How to Keep Senior Brains Active and Healthy

June 20, 2019


As we move towards retirement, many of us look forward to having more time to devote to the hobbies and activities we love, whether it’s longer days on the links or puttering in the garden. Staying active doing what we love is of course important and something we all should strive for. But experts on aging caution that staying too far inside our comfort zones does little to stimulate the brain activity necessary to maintain healthy cognitive function as we get older. Rather than reaching for the familiar, we should be pushing ourselves towards learning skills entirely new to us to stimulate new neuron pathways. When it comes to maximum cognitive benefit, says UT Dallas researcher Denise Park, “it’s important that the task (you choose to explore) is novel and that it challenges you personally.”

So what kind of activity is she talking about? Again, the primary goal is to choose something that teaches an entirely new skill; a seasoned piano player shouldn’t necessarily take up the flute. Pick an activity whose engagement requires your full attention and sustained concentration – if you’re a Sunday crossword person, consider switching things up with chess or bridge. Activities with a social component offer the added benefit of further stimulation. Finally, search for something you find personally rewarding; the more engaged and interested you are in your new hobby, the more likely you’ll be to stick with it and perhaps even build on your skill set.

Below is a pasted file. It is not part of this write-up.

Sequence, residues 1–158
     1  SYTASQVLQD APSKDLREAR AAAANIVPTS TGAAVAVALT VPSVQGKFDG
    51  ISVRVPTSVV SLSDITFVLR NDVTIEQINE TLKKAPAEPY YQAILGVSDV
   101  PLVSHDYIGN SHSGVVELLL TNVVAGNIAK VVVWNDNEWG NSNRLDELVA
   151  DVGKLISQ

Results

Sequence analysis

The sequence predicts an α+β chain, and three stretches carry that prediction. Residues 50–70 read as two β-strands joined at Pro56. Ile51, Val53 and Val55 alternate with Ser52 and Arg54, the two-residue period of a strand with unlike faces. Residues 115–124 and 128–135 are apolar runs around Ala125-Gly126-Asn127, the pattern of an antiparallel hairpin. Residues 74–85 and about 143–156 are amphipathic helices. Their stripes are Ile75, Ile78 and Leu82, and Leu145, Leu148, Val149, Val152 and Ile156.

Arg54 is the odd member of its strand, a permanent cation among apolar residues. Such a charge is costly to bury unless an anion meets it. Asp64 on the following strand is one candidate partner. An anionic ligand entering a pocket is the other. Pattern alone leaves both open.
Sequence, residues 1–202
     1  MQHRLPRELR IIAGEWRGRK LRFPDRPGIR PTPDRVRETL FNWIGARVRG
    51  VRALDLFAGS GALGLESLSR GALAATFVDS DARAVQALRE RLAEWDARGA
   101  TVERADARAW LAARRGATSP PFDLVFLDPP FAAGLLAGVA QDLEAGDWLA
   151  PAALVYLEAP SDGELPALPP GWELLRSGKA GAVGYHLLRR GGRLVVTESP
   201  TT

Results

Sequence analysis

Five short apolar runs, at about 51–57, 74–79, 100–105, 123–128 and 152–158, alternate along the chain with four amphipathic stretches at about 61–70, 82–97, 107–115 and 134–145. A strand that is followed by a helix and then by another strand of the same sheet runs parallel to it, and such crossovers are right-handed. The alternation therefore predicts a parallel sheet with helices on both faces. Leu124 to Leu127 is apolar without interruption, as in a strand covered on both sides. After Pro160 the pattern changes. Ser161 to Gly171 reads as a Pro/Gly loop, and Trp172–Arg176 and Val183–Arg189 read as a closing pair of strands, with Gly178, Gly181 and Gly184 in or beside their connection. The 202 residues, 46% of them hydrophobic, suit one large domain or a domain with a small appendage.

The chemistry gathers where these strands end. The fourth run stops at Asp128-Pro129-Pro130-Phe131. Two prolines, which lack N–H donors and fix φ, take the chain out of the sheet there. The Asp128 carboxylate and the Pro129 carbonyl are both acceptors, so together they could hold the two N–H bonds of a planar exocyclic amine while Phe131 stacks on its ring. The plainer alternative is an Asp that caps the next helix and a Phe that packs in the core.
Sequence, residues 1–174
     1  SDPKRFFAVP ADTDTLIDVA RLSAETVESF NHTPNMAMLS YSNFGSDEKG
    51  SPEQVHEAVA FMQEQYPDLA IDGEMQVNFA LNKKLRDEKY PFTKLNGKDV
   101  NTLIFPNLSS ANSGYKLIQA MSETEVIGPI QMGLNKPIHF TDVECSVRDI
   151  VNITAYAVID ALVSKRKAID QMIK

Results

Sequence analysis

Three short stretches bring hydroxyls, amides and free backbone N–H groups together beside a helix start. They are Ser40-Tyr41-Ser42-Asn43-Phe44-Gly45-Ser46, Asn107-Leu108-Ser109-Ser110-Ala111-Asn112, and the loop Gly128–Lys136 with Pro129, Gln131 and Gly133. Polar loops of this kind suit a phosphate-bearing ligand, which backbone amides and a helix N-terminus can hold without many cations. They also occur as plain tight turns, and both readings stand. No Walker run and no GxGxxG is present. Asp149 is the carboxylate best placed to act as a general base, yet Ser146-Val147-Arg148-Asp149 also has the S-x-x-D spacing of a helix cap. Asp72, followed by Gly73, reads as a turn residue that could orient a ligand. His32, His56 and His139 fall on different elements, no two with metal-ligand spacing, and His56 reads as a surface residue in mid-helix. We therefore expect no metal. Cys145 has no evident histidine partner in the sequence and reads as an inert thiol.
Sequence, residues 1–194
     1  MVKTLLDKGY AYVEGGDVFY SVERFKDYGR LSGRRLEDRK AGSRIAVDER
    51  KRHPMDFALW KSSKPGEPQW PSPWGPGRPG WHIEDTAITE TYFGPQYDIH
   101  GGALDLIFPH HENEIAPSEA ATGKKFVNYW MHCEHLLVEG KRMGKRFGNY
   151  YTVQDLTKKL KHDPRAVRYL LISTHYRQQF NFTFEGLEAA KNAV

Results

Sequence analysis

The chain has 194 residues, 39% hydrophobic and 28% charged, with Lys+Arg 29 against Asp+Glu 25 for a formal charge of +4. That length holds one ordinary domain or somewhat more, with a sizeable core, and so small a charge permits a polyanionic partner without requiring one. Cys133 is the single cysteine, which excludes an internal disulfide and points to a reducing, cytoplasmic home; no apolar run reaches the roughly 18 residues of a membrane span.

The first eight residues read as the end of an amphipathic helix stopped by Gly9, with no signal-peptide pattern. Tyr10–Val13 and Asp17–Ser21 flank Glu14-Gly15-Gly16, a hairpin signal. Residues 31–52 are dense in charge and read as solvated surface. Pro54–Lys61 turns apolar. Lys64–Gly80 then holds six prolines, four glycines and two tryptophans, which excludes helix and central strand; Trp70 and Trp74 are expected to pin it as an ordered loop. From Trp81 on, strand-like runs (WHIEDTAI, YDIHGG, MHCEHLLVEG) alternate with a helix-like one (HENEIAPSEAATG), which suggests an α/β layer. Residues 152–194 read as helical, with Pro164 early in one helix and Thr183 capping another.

Here are three ideas to consider that boost skill levels and brain power:

  1. Learn a language. If you love to travel but have never cracked open a phrase book,  learning a new language can be a fun and engaging way to push your brain into uncharted territory. It also carries serious potential health benefits; a recent study points to seniors who learned a second language as exhibiting dementia symptoms almost five years later than their monolingual counterparts!

  2. Face the music. Whether you love to dance to the beat or play along, music-based education is one of the most vibrant ways to stimulate new pathways in the brain. Mastering new dance moves or learning to play a new instrument require the sustained concentration and coordination so beneficial in boosting neurological blood flow.

  3. Get your hands dirty. We don’t mean this literally (although gardening is certainly a worthwhile pursuit to consider). Learning a task like woodworking, knitting, or quilting requires high levels of concentration and fine-motor skill building — not to mention the added benefit of a finished product to enjoy or give away!

Want more ideas? Head to Unsure if life at home may turn out to be a little lonely? Download our Stay or Go Guide and see whether a vibrant senior living community may be just right for you. It’s packed with useful insights and information that can help you decide which option best suits your needs.

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